Al-Wefaq, the third largest political party in Bahrain has called for international protection of Bahraini nationals after a number of protestors were killed this week whilst campaigning for reform of the political system in the state.
The island has important strategic significance in the region as a relatively liberal political landscape, connected by a causeway to Saudi Arabia. There is also a US naval base located in the kingdom and Bahrain is the venue for next month’s Formula 1 Grand Prix.
Al Wefaq is known as the Islamic National Accord Association and represents the interests of Shi’ite Muslims in the Gulf state. They said in a statement:
Al-Wefaq National Islamic Society calls on legislative entities and international parliamentary unions to intervene immediately to stop massacre of Bahraini people at the hands of security forces.
This call is made against the backdrop of massacres committed against protestors engaging in peaceful demonstrations causing the death of several innocent people. In one incident at 3 am on 17 February 2011, security forces assaulted hundreds of demonstrators engaging in a set-in at the Pearl Roundabout in the capital city of Manama. The protestors at the Pearl Roundabout were not armed. And most were sleep at the early hours of the day when the assault occurred.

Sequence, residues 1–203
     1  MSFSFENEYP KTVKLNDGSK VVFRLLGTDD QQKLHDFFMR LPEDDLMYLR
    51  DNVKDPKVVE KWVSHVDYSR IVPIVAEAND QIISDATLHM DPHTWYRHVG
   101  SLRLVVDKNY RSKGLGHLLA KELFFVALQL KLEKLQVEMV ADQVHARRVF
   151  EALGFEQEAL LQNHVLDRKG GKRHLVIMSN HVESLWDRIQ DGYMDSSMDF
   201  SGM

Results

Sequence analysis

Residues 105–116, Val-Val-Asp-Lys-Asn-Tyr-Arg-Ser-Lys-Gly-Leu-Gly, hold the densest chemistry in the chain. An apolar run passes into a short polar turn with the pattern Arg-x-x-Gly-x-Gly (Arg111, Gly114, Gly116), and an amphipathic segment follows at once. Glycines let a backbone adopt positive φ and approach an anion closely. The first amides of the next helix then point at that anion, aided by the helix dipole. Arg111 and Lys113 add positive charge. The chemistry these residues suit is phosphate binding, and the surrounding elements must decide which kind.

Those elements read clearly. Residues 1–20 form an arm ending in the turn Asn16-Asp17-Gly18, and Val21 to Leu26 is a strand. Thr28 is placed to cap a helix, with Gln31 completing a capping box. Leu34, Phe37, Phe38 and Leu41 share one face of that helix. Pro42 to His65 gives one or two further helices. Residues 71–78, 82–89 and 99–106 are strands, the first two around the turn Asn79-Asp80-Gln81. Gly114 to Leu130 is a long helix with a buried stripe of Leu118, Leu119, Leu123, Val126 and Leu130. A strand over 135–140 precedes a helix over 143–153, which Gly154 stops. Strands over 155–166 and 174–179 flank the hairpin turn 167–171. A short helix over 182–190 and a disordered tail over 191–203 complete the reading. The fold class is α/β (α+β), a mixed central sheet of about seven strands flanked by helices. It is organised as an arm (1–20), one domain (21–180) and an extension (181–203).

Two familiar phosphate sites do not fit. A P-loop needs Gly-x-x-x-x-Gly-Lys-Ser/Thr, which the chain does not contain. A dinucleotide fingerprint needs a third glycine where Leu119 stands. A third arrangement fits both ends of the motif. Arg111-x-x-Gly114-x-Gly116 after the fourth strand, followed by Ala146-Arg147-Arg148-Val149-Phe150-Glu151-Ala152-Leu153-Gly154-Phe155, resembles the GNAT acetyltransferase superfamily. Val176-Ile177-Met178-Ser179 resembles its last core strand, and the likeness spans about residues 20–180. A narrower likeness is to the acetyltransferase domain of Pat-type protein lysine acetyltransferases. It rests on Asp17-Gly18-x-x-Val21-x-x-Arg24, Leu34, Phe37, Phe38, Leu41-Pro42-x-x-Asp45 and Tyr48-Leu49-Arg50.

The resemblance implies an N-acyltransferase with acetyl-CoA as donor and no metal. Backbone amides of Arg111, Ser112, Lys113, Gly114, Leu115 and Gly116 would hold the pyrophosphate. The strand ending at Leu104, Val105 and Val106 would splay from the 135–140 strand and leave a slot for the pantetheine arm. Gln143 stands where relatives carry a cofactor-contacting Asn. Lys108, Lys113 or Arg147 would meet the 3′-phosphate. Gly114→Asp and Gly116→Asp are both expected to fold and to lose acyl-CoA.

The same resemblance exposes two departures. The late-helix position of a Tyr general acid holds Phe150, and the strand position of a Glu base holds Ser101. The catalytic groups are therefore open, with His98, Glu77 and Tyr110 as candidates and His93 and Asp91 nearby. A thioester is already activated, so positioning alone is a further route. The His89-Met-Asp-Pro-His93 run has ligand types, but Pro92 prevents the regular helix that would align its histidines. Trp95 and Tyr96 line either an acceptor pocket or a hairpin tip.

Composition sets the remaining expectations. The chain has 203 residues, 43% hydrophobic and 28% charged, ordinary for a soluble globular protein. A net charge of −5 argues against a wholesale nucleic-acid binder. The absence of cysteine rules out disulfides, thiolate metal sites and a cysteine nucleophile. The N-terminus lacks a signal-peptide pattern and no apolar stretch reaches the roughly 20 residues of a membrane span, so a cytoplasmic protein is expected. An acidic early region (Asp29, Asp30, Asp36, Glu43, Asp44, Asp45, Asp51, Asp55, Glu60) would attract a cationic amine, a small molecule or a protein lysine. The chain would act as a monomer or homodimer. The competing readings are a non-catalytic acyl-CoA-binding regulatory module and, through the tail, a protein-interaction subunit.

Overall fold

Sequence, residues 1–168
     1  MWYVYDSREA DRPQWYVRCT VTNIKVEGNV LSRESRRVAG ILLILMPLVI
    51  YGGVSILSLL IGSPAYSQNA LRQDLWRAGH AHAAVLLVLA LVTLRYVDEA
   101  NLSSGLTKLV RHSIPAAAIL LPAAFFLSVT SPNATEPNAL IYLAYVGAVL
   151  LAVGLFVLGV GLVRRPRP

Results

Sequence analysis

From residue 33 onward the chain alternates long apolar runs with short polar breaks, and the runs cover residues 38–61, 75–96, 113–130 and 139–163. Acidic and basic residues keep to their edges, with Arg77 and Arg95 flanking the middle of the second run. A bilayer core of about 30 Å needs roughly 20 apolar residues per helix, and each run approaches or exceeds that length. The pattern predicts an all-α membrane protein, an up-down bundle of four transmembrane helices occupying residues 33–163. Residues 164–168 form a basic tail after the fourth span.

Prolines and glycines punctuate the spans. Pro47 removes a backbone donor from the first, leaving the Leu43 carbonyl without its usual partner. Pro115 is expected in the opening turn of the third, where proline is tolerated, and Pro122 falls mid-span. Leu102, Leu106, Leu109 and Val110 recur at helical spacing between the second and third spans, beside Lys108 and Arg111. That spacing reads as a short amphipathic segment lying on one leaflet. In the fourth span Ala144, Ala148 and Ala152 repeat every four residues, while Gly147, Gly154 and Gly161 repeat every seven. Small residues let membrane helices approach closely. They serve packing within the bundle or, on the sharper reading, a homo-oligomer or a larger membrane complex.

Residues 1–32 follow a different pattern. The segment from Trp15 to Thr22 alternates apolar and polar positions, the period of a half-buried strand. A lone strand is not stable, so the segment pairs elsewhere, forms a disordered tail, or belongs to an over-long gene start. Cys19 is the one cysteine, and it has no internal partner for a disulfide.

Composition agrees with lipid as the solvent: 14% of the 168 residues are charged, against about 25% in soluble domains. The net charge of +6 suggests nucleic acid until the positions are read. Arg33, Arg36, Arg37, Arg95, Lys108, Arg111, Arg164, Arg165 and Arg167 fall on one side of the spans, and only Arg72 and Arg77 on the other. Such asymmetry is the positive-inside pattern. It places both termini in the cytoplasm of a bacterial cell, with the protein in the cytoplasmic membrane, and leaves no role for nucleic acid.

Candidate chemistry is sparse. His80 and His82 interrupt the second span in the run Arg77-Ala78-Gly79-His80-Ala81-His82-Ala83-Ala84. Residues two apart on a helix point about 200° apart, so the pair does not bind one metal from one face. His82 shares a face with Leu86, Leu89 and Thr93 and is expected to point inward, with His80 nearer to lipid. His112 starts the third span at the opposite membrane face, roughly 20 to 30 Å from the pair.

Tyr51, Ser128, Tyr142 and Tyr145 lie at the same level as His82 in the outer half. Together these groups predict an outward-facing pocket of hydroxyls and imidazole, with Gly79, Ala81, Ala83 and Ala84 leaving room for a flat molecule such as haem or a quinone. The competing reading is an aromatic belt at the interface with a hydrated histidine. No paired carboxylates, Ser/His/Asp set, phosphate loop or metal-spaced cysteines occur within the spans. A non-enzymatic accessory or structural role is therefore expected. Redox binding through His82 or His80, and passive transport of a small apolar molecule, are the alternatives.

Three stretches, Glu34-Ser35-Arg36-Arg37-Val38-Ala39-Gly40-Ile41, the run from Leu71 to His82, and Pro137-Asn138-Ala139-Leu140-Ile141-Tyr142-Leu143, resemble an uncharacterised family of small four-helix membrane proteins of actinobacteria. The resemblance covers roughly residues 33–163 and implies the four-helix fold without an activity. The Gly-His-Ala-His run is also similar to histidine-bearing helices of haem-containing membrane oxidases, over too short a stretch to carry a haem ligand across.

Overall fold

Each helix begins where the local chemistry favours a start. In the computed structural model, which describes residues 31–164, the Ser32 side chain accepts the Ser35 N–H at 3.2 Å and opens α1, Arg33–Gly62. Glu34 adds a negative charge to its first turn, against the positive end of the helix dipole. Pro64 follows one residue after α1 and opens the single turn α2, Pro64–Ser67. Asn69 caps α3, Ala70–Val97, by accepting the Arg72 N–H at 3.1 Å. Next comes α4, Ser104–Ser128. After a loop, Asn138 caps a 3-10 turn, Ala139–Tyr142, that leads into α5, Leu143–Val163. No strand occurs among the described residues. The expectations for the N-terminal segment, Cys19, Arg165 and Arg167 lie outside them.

The aggression resulted in the killing of several individuals and injury of many others. Concurrently, security and intelligence officers committed other another inhumane crime by restricting movement of medics and other professionals from offering medical services to the injured.
The international community is called upon to press the authorities in Bahrain to cease their assault on demonstrators. Failure to do could cause massacres of a large number of people.
Bahrain has a parliamentary system with an elected lower house and an upper house which is mainly drawn from the ruling Al Khalifa royal family. Moves have been made throughout the last decade to allow universal suffrage, votes for women and the installation of a parliamentary system, though the king still retains a significant influence.